Ray - you're exactly correct as to timing chains. Properly maintained, excluding any fluke breakage or separation, there is really nothing wrong with a well-designed timing belt configuration. I've been saying this for a long time on various forums. Plus, they're external to the engine and typically much more readily accessible. Timing chains are fine, as I have them in my classic SAAB 900's, but repair can be costly. One of the funny things about timing belts is the initial reason(s) for implementation in an OHC design was: more quiet operation over a typical chain, and ease of replacement and repair. I guess we've come full circle.

    The more I study and mull-over the Lamba V6 design, and the new 2.4L I4 design for that matter, I start thinking about possibly not buying a Sonata. Maintenance on this design "could" become quite expensive over time, and I keep my cars for a long time.

    Hmmm . . . easy spark plug replacement and long-term, and relatively cheap lifter replacement, makes me want to consider a longitudinal domestic V6 design with good-old hydraulic lifters - if there are any left. I guess I'd have to consider a RWD vehicle! Not many choices there! Of course, there will be those who point out that the spark plugs commonly used today with the HEI ignitions typically last 100K, but still . . . I know what you mean trying to change plugs in a transverse V6.
  • Ray, interesting in that my comment stemmed from a conversation I had with the dealership before purchasing the car. I was torn between the 4 and the 6...the mileage versus acceleration dilemma. I decided to go with the 6 since the rebates brought it down to about the price of a 4. The dealer said good choice since the 4's have timing belts that can break and need to be replaced every 60K miles. The 6's on the other hand have chains and never need to be replaced.

    This was the basis for my posting so, as we all do, live and learn and never take as gospel what is said to you by a car dealer ;)
  • w9cww9cw Posts: 888
    Cableguy06 - The old 4's did have timing belt, but the new 2.4L 4 used in the Sonata has a timing chain as per Ray.

    If the salesperson you worked with was relatively new, he or she may still have been on "the learning curve." As customers, we generally are very informed on the specific vehicle we're considering, but the sales staff must know the specifics on all of the vehicles they sell, and this is not necessarily an easy task, especially for a new salesperson and with new models appearing on the lot. Their knowledge, or lack thereof, is totally dependent upon the dealership's training program. However, they should "check their data" before giving you the info.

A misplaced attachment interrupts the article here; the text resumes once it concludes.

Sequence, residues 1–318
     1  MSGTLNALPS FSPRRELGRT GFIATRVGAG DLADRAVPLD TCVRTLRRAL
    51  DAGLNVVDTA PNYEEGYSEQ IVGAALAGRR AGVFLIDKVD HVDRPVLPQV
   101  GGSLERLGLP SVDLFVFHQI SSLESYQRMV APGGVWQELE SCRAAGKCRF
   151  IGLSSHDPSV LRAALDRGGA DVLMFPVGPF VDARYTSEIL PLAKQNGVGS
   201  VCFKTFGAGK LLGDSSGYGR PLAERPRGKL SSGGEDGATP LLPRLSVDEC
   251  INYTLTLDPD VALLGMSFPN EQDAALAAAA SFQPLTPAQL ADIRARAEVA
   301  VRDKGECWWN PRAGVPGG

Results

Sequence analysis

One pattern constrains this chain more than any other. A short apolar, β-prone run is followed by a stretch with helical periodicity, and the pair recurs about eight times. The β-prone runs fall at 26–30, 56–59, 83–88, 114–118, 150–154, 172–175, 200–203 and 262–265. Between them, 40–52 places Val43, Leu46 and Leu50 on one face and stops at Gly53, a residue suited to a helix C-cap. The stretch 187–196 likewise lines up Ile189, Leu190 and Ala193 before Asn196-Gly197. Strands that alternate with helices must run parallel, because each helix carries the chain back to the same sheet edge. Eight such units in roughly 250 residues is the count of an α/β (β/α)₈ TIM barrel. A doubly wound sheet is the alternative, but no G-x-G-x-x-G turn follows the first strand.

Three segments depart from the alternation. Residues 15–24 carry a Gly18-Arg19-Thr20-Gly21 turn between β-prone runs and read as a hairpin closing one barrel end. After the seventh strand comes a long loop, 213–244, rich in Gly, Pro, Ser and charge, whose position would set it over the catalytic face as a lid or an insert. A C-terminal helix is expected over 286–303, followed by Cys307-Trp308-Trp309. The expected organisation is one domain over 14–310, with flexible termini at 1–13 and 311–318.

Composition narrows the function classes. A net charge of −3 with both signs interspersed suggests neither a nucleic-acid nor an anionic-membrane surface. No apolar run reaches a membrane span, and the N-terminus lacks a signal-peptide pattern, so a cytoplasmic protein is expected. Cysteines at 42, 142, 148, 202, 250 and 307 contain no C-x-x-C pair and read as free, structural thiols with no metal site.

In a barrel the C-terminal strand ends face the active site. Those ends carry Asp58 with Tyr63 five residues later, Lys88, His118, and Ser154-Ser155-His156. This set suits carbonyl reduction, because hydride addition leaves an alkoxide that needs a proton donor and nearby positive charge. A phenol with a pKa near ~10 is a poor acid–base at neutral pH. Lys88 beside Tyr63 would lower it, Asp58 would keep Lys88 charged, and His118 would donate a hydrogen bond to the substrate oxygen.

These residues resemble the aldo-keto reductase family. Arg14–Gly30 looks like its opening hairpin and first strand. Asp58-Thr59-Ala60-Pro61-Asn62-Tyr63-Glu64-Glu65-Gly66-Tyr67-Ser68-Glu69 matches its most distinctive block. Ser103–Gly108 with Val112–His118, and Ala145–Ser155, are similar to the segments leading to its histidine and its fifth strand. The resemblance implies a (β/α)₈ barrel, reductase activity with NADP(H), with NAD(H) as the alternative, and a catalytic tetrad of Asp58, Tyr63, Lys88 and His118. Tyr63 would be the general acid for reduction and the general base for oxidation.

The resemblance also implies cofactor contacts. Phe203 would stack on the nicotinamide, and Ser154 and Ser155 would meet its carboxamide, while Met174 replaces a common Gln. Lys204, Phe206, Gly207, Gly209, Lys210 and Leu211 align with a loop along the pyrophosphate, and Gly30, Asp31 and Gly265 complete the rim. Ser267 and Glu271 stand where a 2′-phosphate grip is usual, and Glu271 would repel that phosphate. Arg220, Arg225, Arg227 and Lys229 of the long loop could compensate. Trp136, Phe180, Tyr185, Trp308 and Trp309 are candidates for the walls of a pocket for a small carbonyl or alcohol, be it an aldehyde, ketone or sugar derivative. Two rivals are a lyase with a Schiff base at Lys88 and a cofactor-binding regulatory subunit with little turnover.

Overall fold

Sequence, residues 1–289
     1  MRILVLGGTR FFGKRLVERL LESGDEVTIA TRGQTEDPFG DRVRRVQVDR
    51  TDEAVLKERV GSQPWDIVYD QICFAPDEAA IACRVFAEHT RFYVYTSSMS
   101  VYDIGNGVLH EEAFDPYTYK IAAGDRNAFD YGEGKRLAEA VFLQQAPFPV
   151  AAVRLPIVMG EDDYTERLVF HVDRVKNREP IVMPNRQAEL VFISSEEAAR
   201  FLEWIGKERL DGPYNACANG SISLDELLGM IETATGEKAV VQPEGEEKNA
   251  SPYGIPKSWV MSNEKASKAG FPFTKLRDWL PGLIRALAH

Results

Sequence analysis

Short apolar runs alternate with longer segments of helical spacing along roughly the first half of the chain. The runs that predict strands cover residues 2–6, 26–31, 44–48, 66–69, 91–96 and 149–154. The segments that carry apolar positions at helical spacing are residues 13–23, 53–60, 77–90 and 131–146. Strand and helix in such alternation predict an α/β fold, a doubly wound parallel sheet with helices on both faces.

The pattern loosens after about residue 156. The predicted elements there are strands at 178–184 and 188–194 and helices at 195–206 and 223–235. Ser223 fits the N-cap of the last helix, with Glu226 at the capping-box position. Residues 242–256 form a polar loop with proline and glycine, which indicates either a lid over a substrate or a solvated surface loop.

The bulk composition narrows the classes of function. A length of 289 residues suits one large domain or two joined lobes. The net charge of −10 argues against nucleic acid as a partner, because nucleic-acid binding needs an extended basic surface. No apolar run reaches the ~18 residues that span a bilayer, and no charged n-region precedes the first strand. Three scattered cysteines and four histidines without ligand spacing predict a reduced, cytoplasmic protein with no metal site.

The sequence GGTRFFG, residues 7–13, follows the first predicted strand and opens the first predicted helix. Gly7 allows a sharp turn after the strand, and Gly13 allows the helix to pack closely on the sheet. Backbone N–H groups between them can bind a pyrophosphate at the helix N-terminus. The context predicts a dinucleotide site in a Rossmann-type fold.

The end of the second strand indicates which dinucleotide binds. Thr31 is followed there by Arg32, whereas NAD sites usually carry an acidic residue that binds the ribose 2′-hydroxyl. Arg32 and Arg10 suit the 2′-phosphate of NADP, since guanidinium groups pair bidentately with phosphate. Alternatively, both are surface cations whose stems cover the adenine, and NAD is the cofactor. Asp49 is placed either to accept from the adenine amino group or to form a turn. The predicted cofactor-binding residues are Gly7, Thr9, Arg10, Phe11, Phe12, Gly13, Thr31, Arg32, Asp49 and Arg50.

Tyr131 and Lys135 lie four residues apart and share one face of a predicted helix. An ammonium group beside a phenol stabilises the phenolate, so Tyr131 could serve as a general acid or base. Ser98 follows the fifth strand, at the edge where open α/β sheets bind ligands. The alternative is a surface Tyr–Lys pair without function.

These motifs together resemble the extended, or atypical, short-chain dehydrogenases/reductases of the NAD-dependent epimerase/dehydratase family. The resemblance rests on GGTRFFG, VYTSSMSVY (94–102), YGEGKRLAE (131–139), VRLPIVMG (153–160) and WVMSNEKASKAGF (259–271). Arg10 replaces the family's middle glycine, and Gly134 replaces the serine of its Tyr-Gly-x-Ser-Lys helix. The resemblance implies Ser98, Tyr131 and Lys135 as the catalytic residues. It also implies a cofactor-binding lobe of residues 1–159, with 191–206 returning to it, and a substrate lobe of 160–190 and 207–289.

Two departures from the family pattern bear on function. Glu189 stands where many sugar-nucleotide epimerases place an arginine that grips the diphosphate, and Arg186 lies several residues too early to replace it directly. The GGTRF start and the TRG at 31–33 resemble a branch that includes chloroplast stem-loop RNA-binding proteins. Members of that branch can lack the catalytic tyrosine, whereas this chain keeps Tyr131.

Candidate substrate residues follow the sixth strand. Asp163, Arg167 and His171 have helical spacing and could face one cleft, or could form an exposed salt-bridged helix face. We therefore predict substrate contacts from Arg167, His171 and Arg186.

Interestingly, the Service Manager and Service Advisor at our local Hyundai dealership also recommends the V6 over the 4. It begs the question if their recommendation is based upon fuel mileage differentials, reliability and/or overall satisfaction, or the benefits "they" may receive on increased service costs over the long-term. I don't know, as only time will tell.
  • ray_h1ray_h1 Posts: 1,134
    Here's the link to the archived online shop manuals at HMAService. Registration is required, but is FREE. You'll need Adobe Acrobat or Adobe Reader. Once connected, check the "Site Requirements" button - even if you're already running Reader or Acrobat, you may still need to install some Adobe plugins to access the diagrams. The plugins are set up to automatically connect to Adobe's website, download, and install painlessly. Good reference material to have at hand for Hyundai owners as well as independent service techs.
  • mort6mort6 Posts: 11
    I am getting ready to purchase a 2007 Sonata I4. I am concerned about the most recent discussion concerning the solid lifters used by Hyundai. Keep in mind i do about 30K per year and plan to keep my care until it dies.

    Should i be concerned. what other mid size vehicles use the hydraulic type lifters. Thanks in advance for your replies